Ends and Means (1937), 320. In Collected Essays (1959), 369.
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The science of calculation … is indispensable as far as the extraction of the square and cube roots: Algebra as far as the quadratic equation and the use of logarithms are often of value in ordinary cases: but all beyond these is but a luxury; a delicious luxury indeed; but not to be indulged in by one who is to have a profession to follow for his subsistence.
In Letter (18 Jun 1799) to William G. Munford. On founders.archives.gov website.
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What [man landing on the moon] is doing up there is indulging his obsession with the impossible. The impossible infuriates and tantalizes him. Show him an impossible job and he will reduce it to a possibility so trite that eventually it bores him.
'Why on Earth Are We There? Because It's Impossible', New York Times (21 Jul 1969), 17.
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[Writing this letter] has permitted me, for a moment, to abstract myself from the dry and dreary waste of politics, into which I have been impressed by the times on which I happened, and to indulge in the rich fields of nature, where alone I should have served as a volunteer, if left to my natural inclinations and partialties.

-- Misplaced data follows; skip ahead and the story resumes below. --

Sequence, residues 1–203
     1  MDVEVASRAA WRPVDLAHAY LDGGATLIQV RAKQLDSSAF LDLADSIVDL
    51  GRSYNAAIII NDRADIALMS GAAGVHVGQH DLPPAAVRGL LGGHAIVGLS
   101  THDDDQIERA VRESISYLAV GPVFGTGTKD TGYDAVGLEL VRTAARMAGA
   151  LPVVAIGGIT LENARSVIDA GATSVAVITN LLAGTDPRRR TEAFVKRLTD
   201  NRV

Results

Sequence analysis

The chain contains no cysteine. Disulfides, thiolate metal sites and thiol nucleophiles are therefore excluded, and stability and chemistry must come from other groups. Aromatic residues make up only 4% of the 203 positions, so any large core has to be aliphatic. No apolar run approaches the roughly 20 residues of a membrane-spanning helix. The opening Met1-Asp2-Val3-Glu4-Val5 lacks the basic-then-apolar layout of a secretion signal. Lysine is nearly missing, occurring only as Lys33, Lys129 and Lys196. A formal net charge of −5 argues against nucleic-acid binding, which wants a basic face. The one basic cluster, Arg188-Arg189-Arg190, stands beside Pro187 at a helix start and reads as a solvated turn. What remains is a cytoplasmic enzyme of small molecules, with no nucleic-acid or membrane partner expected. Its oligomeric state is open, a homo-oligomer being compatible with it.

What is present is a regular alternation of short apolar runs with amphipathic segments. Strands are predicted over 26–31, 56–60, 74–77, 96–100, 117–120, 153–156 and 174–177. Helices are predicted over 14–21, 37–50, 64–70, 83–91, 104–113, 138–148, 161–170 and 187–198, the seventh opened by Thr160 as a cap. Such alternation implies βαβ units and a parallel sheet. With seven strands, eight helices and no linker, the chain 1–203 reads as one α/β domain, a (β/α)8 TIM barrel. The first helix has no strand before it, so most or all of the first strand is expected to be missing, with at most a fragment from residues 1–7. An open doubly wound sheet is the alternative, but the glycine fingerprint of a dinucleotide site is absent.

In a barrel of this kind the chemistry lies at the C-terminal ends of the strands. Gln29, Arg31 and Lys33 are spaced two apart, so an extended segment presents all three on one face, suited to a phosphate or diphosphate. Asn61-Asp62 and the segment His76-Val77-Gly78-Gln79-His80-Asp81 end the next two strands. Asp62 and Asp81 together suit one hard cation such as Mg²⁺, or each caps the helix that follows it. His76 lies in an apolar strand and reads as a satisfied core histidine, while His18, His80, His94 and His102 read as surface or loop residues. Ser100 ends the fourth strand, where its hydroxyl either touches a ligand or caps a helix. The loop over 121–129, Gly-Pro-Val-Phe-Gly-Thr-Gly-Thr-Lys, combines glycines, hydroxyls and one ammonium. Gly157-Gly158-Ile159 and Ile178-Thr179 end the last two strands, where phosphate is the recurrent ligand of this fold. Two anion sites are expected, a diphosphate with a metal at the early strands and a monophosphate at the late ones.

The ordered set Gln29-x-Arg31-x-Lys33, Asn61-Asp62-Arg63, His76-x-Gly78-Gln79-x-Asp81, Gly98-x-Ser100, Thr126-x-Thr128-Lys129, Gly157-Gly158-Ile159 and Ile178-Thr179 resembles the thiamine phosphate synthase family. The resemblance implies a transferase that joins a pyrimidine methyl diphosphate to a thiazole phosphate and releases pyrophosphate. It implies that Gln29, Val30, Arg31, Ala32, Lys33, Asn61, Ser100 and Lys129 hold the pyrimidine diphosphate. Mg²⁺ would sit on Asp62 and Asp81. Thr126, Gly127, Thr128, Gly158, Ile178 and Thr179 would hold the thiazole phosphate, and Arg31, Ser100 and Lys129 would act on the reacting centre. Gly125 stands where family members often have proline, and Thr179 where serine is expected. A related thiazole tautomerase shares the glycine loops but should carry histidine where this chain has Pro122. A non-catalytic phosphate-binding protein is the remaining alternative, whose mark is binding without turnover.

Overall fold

In letter to Caspar Wistar (21 Jun 1807), collected in Thomas Jefferson Randolph (ed.), Memoir, Correspondence, And Miscellanies, From The Papers Of Thomas Jefferson (1829), Vol. 4, 94.
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“Facts speak for themselves.” Illusion! Facts are ventriloquists’ dummies. Sitting on a wise man’s knee they may be made to utter words of wisdom; elsewhere, they say nothing, or talk nonsense, or indulge in sheer diabolism.
In Time Must Have A Stop (1916), 295.
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Carl Sagan Thumbnail In science it often happens that scientists say, 'You know that's a really good argument; my position is mistaken,' and then they would actually change their minds and you never hear that old view from them again. They really do it. It doesn't happen as often as it should, because scientists are human and change is sometimes painful. But it happens every day. I cannot recall the last time something like that happened in politics or religion. (1987) -- Carl Sagan